“Now the next generation will have a chance to experience the land like I did growing up"
Connecting with family and place in Brownsville Forest
Like a lot of 20-somethings living in Burlington, Kelli Grimes likes to spend her weekends riding mountain bike trails all around Vermont.
A mechanical engineer by day, Kelli is also an avid outdoorist who is passionate about maintaining the privilege of getting to use public land and trails. Last year, she served as an Ambassador for the Vermont Mountain Bike Association, advocating for access and coaching fellow riders how to ride with respect for other trail users and the environment. Kelli’s love of the outdoors can be traced back to her childhood in Morristown and hunting with her dad in Vermont’s woods.
Hunting connects Kelli to her family and to the lands they call home. Like many Vermonters, it is a way to share time together outdoors, to put good food in the freezer, and to keep a close relationship with the land and wildlife.
One of Kelli’s first memories of hunting is her dad, Kenny, taking her to what is now Brownsville Forest—a 758-acre tract of land that was purchased and conserved as state forest land by SLT in 2019. “I was about 10-years old. I remember hiking up [Hollis-Brown Mountain],” she recalls. “It was exhausting.” But for Kelli and her dad it was special to be out in the woods together as a family. It meant a lot to Kenny that he could take his kids to the same place his dad took him as a child and have the same experiences he did growing up.
A family connected with the land
Kelli’s dad, Kenny, started hunting in Brownsville with his father, Kenneth, when he was just seven years old. Kenneth was born on the land during the Great Depression, when it was still his family’s hill farm. The large and close-knit family got by with a small herd of dairy cows, sugaring, and selling timber. Money was scarce and there were constant worries and hardships, but it was life rich in time outdoors close to the land and family.
In 1950, the family could no longer make ends meet on the farm, so they sold their 750+ acres and moved to the neighboring town of Hardwick. The new owner, Mrs. Story, gave permission to the Grimes family to come back and hunt, allowing them to keep up a connection to the place they grew up.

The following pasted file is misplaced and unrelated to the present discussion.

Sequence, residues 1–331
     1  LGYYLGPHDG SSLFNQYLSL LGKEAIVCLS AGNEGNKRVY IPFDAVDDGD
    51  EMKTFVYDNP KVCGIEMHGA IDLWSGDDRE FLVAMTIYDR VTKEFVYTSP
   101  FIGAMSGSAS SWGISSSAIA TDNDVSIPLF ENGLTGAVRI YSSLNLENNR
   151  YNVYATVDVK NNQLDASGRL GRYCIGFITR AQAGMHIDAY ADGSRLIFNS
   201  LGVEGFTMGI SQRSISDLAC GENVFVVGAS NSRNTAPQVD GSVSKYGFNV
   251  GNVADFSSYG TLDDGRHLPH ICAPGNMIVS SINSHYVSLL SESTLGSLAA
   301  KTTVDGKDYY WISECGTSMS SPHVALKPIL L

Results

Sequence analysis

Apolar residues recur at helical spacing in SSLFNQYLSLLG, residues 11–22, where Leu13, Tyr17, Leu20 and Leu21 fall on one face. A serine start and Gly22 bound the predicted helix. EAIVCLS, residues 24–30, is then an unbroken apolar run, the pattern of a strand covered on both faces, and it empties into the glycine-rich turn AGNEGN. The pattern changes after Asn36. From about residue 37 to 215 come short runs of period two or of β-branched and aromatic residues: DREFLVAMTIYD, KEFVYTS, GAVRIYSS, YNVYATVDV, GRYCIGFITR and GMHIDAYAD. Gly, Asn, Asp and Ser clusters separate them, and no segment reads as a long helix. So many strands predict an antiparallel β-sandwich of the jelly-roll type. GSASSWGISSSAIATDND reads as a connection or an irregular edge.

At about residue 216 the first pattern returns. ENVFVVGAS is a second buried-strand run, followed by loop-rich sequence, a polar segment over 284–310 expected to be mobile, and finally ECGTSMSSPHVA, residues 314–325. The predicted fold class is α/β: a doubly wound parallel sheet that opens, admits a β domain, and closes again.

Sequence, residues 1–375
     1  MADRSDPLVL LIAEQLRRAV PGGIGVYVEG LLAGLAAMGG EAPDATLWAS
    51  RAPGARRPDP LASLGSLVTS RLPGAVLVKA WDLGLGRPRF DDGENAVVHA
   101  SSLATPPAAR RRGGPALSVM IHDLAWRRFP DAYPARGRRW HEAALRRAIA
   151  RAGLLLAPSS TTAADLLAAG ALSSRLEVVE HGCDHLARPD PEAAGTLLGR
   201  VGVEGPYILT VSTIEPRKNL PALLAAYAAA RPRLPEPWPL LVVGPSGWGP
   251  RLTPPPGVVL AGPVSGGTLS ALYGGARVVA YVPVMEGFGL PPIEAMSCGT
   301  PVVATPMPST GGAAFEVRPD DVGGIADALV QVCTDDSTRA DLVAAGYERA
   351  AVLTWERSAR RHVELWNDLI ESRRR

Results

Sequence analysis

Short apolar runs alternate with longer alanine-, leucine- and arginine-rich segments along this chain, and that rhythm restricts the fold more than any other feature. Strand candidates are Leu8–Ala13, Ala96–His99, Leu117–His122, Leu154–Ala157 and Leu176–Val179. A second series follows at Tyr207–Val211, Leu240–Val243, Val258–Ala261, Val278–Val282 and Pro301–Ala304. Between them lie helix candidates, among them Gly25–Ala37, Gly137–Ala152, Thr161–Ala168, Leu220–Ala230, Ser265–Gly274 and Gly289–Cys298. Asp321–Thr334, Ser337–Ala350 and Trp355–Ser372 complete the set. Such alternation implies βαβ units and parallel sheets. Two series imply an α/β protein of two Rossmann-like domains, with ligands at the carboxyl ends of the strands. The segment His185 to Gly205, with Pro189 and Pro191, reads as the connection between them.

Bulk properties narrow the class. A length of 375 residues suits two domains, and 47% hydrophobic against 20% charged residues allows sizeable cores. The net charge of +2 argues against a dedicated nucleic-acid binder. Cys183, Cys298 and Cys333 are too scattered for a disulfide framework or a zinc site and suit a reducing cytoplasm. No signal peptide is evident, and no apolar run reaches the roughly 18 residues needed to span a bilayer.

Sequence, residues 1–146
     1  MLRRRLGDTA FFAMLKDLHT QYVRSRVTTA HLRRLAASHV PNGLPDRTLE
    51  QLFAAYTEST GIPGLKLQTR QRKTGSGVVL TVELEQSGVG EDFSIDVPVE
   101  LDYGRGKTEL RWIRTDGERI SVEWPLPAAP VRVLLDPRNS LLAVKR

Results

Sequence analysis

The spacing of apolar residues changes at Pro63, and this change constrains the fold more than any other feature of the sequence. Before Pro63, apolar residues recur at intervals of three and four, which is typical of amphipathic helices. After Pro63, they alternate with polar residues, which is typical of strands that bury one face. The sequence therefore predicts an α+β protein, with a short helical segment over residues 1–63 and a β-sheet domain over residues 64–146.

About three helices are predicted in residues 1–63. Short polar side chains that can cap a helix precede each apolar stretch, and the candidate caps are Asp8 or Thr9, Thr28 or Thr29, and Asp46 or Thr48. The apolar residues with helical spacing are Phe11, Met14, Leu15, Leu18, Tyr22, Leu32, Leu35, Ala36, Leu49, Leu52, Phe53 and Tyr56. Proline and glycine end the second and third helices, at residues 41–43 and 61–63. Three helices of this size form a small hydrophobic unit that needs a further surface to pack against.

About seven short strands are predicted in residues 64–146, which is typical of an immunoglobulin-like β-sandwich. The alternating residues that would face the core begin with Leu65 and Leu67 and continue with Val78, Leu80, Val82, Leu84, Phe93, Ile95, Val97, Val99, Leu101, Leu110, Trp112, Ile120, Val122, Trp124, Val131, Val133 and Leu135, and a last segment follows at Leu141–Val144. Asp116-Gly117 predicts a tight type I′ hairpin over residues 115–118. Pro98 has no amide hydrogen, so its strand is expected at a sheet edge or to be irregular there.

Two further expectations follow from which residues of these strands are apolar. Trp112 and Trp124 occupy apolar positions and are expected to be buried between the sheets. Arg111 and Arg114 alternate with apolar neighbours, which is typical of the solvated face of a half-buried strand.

“Kelli’s grandfather was never a very successful hunter, but he really enjoyed being out on the land with his kids,” says Kenny. “Hunting in Brownsville together, he would tell me stories about his childhood living up there and point out where they kept the cows and where the barn was.”
A deep loss
When Kelli was in elementary school, Mrs. Story passed away and her family posted the land and the Grimes’ lost access. “I didn’t understand why,” recalls Kelli. “I just knew we couldn’t go there anymore.” Kelli’s experience resonates with many. With development pressure on the rise, the loss of land access for Vermont families has increased. In 2019 while Kelli was away at getting her degree at Clarkson University, their old family land went on the market for $10 million.
“We worried about what was going to happen to it,” recalled Kenny. “The fact that it was in Stowe and with the way Vermont is changing, we knew it could easily become another private development.” The Grimes’ knew firsthand that you can’t take access to land for granted, and that it was important to save places where the next generation can build a love of the outdoors.
They were not alone in this sentiment. In response to the sale, hundreds of local families—both newcomers and long-time residents—came together to support SLT’s purchase of the land and its addition to the surrounding state forest. Thanks to their support, the old Grimes family hill farm was protected and reopened to the public for hunting, walking, and skiing in July 2019.
Getting back on the land together
Last Thanksgiving, the Grimes family gathered at Kenny and his wife Sue’s home in Morristown like they always do. By then, Kelli had graduated, found a job in Vermont and was living close by in Burlington. When they were thinking about where to go for their traditional Thanksgiving Day hunt, Sue suggested Kenny take the kids back up to Brownsville for the first time in more than a decade. On that first return hunt, Kelli saw the mountain again and remembered the view from her childhood. “It was an easier climb, but still exhausting.”
Kenny was sitting right next to her when Kelli successfully shot a 175-pound 8-point buck. This would be a proud accomplishment for any hunter, but what was most important to Kelli and her dad was being able to share the experience together on the land that had so much meaning for their family. “It was really special to be able to take my kids up there again. Now the next generation will have a chance to experience the land like I did growing up.”